The Manchester United-Liverpool game was the last chance for David Moyes to make a case for the top 4 chase. Given the build-up and positive results in the league recently, United had a grain of optimism.
But today, Brendan Rodgers didn’t pull his punches and dared United to try and stop his team rather than the other way around. This had the makings of being an open game, and unfortunately United were too open.
While the diamond formation was a bit new since Liverpool have mainly used a 4-3-3 with one of Suarez or Sturridge drifting wide, the overall playing style was the same except Sterling was used centrally and Allen got wide left to drag Fellaini out of position. At this point United were effectively being pulled apart on Liverpool’s counters and essentially beat themselves with a hat-trick of penalties, a sending off, and Rafael basically asking Mark Clattenberg: “Send me off IRL”
Of course, the result leaves us with two options: 1. the highly unlikely scenario that we win the Champions League to qualify next season. 2. Cut our losses and look to the summer where we can ship out the deadwood and bring in genuine quality replacements.
The second one might make me more optimistic if the manager knows where he wants to take the team going forward. We can all point to the underperforming players on this team, and no doubt the “Sack Moyes” brigade will be in full voice tomorrow morning due to a perceived ineptitude. But what was even more concerning was that David Moyes did not really know how to respond and he has yet to show evidence that he has the bottle to evolve with the times. This was very evident as United were running like headless chickens trying to get back in the game. And for the first time all season, I am starting to question whether Moyes has what it takes to keep United competing at a high level for the long-term.
David Moyes made a name for himself at Everton by building a team that was very tough to beat, hard-working, and capable of staging a few impressive one-off wins. Last season Everton lost 7 games, the third fewest in the league. But being a tough team and being hard working aren’t identities. Manchester United isn’t Manchester United because they work hard and don’t lose. Sir Alex Ferguson built this team by taking a high risk-high reward approach. He would rather lose a game 2-0 than 1-0 if it meant his team could take a point, and that kind of attitude made Manchester United such a feared team. The sheer number of late-game heroics by those sides of the past meant that there was more to it than just being lucky. The ethos of ” The more you attack, the luckier you get” has been entrenched in Manchester United’s culture for so long that it seemed like second nature. Something we’d take for granted.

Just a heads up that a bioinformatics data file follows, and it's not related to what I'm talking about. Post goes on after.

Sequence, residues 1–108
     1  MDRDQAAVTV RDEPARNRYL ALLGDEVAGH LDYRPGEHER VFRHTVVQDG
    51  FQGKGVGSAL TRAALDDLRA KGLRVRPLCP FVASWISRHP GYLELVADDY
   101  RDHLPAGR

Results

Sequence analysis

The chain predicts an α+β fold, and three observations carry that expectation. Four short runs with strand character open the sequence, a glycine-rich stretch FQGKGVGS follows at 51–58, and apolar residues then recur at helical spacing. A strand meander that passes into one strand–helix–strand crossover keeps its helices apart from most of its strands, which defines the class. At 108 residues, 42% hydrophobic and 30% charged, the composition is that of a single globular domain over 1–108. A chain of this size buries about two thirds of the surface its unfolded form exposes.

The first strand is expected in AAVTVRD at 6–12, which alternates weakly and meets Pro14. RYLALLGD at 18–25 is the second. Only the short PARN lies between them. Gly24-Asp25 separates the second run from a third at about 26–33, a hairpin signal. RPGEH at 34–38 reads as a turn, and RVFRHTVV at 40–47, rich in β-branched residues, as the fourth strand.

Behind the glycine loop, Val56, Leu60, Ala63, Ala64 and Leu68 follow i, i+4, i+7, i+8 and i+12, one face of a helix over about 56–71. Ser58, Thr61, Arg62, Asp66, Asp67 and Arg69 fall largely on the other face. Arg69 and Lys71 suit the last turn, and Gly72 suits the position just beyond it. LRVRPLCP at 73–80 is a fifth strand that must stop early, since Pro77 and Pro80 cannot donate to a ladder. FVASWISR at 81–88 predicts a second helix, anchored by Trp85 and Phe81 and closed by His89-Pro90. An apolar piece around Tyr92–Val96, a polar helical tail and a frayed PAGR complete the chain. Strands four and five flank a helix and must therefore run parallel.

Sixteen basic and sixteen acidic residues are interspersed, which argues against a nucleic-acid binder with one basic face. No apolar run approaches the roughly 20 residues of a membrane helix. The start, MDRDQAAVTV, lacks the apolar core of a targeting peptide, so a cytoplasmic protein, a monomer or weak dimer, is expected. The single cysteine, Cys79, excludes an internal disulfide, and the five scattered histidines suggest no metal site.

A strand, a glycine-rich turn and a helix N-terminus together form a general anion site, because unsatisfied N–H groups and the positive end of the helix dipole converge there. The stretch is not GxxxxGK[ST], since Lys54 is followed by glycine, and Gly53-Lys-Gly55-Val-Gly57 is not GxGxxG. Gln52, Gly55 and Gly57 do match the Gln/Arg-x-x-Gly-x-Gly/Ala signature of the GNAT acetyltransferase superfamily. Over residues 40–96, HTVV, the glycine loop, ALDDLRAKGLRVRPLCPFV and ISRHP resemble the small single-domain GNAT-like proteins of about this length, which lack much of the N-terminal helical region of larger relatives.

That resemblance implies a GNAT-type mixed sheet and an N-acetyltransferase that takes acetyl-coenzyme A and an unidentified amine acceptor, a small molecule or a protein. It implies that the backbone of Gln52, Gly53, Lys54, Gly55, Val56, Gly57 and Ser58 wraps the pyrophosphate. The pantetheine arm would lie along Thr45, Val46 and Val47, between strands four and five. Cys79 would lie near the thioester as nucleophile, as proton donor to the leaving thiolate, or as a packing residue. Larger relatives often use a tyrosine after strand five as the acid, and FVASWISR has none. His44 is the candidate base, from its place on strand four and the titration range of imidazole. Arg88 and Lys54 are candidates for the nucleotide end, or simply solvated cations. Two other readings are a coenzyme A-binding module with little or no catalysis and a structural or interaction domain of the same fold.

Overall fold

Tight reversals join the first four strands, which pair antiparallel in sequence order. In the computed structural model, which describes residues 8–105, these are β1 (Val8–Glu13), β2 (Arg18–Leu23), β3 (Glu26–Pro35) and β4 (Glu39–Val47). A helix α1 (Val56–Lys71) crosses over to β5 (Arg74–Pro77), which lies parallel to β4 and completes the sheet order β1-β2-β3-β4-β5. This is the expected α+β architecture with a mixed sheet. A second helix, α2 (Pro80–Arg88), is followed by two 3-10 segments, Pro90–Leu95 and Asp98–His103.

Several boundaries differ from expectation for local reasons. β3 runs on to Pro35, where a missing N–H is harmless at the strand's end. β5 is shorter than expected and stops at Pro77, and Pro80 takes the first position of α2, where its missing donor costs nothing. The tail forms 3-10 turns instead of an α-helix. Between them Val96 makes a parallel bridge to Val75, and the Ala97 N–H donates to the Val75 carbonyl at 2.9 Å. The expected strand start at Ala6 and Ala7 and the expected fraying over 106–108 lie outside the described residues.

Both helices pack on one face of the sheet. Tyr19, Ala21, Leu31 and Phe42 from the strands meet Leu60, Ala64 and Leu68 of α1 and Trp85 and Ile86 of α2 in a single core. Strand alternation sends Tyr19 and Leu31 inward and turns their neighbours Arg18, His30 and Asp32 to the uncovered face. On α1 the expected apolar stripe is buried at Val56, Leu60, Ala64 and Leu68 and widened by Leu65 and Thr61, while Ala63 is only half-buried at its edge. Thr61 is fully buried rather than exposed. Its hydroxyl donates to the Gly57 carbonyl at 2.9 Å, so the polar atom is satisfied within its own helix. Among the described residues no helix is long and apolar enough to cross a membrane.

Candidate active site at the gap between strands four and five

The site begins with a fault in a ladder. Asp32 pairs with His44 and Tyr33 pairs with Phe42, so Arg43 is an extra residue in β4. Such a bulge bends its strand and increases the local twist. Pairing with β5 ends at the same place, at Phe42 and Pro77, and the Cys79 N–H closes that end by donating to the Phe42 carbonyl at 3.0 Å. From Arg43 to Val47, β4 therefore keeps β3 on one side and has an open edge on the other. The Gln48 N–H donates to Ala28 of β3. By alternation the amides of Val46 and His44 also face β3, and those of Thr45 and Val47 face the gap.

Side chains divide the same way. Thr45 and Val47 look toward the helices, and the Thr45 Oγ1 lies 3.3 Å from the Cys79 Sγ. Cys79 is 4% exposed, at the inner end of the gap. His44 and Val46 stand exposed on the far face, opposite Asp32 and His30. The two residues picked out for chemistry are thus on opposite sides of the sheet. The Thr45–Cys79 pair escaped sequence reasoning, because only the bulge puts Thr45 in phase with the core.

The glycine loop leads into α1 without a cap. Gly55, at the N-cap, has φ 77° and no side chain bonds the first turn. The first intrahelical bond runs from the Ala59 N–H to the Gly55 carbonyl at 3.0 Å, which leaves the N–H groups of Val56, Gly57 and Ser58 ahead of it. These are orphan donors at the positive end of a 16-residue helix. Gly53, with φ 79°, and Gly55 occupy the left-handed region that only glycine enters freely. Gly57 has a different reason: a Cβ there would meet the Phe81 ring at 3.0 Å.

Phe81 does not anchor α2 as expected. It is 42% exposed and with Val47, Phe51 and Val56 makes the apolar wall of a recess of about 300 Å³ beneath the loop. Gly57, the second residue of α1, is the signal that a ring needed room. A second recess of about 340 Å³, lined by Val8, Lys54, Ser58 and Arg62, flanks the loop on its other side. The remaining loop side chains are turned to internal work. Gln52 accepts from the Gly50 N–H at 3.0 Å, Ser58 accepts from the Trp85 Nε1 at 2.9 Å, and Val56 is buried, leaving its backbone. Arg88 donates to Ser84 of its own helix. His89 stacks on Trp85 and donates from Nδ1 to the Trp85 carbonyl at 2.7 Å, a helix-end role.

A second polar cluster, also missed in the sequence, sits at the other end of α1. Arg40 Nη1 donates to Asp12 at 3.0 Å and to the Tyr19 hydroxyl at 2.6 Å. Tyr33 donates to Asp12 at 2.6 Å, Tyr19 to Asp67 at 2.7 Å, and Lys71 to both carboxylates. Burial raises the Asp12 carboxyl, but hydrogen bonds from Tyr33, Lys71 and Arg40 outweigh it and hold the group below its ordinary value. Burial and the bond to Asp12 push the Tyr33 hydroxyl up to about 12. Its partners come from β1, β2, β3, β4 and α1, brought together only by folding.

Today showed the difference between a manager who has a plan and one who’s frantically trying to figure out what works. Rodgers could have kept the same team as usual, but instead he chose to experiment in such a big game and it paid off handsomely. In fact, much like Fergie has done previously against Liverpool, Rodgers has altered his personnel and tactics for each of the three meetings, and he’s won twice. He knows what he’s about and what to expect from his players. Moyes, after United conceded two penalties, went with low-risk, like-for-like substitutions while 2-0 down.
At United, Moyes no longer has clearly defined constraints like he did at Everton (both financial and ability wise) and is looking overwhelmed as he’s trying to “get things right”. He’s saying all the right things and is taking much of the blame, but he doesn’t seem to know what his own philosophy is and his managerial profile is starting to look increasingly divergent from Manchester United’s historic image.
I’m not saying that being a reactive one-off type manager can’t be a successful approach. Jose Mourinho is probably the most famous example of preparing his teams that way, but he also motivates his players and makes them feel as though they are capable of doing anything he needs. Mourinho was unafraid to make the bold decision of dropping Juan Mata and now has Chelsea playing his way with a mix of creativity and guile. Moyes might have a great work-ethic and wants to get his players to be fit and determined, but for what? What are they trying to work towards? Does Moyes know what he wants to achieve no matter the cost? Why is he worth playing for?
These are all fundamental questions David Moyes needs to ask himself, and his answers do not appear to suit Manchester United’s long-term needs. He doesn’t need to do what Mourinho or Ferguson would do, in terms of rattling opponents or creating a larger-than-life persona, but he has to show some signs that he fits with United’s image. Moyes is one of the Premier League’s diplomatic nice guys, but if he’s unable to answer these questions to fit United’s long-term identity, it might be worth looking for the next man. If a manager like Louis van Gaal is available, he would likely be more successful for a short spell since he has tried and tested methods that he can rely on. It’s not about Moyes winning nothing in comparison to the others, it’s about his approach to take the next steps fearlessly which he doesn’t seem willing to do.